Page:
But the more obvious danger is of old African trouble-spots erupting again. Transitional peace arrangements in Ivory Coast, Liberia and the Democratic Republic of Congo are extremely precarious. All three are supposed to have elections in 2005, although none of them looks fit to hold them. David White
Will Latin America turn further to the left?
Yes, but only at the edges. High oil prices give President Hugo Chávez the ability to pursue his brand of autocratic populism and Argentina's President Néstor Kirchner will continue to blame the International Monetary Fund and foreign banks for his country's economic problems. There could be upsets in some smaller countries. In Bolivia, President Carlos Mesa could be vulnerable to the street protests that unsettled his predecessor.
However, even Argentina is likely to stick with the cautious monetary and fiscal policies that are helping curb inflation across the region. In Brazil, President Luiz Inácio Lula da Silva has moved firmly to the centre since his election two years ago. His success in stabilising and revitalising an economy on the edge of financial collapse in 2002 sets the tone for politics in the region.
Buoyant commodity prices are making Latin America less dependent on international financial markets for the moment. But the region's political leaders - whether leftwingers such as Mr Lula da Silva and Mr Kirchner or rightwingers such as Colombia's Alvaro Uribe - are opting for middle-of-the-road pragmatism. Richard Lapper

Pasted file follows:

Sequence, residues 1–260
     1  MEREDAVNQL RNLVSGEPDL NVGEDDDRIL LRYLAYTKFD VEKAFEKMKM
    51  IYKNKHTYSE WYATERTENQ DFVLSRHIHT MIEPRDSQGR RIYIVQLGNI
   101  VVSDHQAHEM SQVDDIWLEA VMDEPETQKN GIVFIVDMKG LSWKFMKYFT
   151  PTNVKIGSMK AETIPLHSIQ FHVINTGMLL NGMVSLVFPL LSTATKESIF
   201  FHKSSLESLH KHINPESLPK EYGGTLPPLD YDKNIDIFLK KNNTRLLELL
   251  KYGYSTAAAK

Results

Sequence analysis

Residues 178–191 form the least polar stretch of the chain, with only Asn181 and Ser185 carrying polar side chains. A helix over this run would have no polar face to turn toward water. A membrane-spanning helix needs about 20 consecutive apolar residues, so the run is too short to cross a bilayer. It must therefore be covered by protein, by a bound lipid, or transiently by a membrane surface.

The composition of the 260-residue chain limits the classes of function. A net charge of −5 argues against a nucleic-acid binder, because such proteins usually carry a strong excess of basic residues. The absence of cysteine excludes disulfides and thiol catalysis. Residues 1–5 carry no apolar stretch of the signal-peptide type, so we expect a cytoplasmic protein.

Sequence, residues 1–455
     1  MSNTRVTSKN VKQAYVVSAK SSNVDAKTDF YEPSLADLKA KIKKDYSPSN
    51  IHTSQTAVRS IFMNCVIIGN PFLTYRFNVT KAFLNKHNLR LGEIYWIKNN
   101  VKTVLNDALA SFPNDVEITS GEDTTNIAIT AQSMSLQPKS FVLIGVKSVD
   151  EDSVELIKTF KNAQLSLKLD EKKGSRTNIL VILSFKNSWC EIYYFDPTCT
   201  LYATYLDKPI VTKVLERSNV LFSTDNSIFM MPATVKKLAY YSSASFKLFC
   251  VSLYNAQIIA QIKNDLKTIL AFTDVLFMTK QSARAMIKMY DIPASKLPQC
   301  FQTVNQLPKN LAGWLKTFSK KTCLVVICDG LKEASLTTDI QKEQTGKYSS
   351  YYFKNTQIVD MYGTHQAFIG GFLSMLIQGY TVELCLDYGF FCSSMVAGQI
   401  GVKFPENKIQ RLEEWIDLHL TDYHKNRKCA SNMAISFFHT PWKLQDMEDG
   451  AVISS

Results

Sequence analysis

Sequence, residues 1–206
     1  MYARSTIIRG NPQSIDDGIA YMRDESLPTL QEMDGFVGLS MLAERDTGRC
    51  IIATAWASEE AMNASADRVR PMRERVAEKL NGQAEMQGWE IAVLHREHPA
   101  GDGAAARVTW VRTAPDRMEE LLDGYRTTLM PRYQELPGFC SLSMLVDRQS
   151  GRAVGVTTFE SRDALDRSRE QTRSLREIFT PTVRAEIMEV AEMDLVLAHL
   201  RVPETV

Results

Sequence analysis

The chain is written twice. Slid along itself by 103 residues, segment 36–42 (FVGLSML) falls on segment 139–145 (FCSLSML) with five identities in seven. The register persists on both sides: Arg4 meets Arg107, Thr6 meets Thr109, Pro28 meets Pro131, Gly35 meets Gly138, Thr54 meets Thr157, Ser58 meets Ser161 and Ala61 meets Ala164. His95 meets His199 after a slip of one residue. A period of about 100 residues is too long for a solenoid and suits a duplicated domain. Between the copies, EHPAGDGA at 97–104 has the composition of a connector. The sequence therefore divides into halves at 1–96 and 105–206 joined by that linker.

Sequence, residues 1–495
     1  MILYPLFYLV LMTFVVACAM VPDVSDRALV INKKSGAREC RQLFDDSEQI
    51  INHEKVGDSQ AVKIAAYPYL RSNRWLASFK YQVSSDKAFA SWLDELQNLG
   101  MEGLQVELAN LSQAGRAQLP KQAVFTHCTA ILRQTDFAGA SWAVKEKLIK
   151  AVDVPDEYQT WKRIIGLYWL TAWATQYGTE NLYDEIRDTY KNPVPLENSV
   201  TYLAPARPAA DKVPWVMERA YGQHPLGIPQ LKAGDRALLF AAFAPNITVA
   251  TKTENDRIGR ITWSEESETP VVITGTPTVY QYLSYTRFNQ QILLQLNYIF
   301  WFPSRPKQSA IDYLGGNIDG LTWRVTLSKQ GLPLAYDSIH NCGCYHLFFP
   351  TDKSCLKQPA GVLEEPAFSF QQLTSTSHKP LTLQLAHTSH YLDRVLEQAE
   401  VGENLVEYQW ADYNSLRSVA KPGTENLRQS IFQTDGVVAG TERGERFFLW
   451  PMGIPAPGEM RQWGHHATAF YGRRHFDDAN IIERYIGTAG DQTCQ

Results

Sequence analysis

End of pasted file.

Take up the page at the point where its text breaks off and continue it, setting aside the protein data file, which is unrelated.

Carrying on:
Will there be a deal on Kashmir?
There is no possibility of India and Pakistan agreeing within the next year to a permanent settlement. New Delhi will never climb down from its position that Kashmir - its only Muslim-majority province - is integral to a secular India. And military-ruled Pakistan will continue to insist that Kashmir's 1947 accession to India was illegal.
However, the two sides will continue their one-year-old peace process and there is a reasonable chance they will agree to a few symbolic "confidence-building measures". These will include a civilian bus link between the divided halves of Kashmir and a further reduction in Indian troop levels in the province. It will be a year of incremental improvements in relations between the nuclear-armed rivals. But no dramatic breakthroughs. Edward Luce